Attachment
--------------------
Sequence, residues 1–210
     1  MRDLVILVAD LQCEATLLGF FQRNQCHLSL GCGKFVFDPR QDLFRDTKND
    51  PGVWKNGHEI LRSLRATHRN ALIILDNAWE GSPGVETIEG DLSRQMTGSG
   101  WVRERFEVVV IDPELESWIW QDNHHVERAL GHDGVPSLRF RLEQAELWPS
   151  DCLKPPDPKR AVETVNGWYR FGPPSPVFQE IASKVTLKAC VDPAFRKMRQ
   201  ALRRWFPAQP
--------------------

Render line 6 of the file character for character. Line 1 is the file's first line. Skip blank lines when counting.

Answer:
   201  ALRRWFPAQP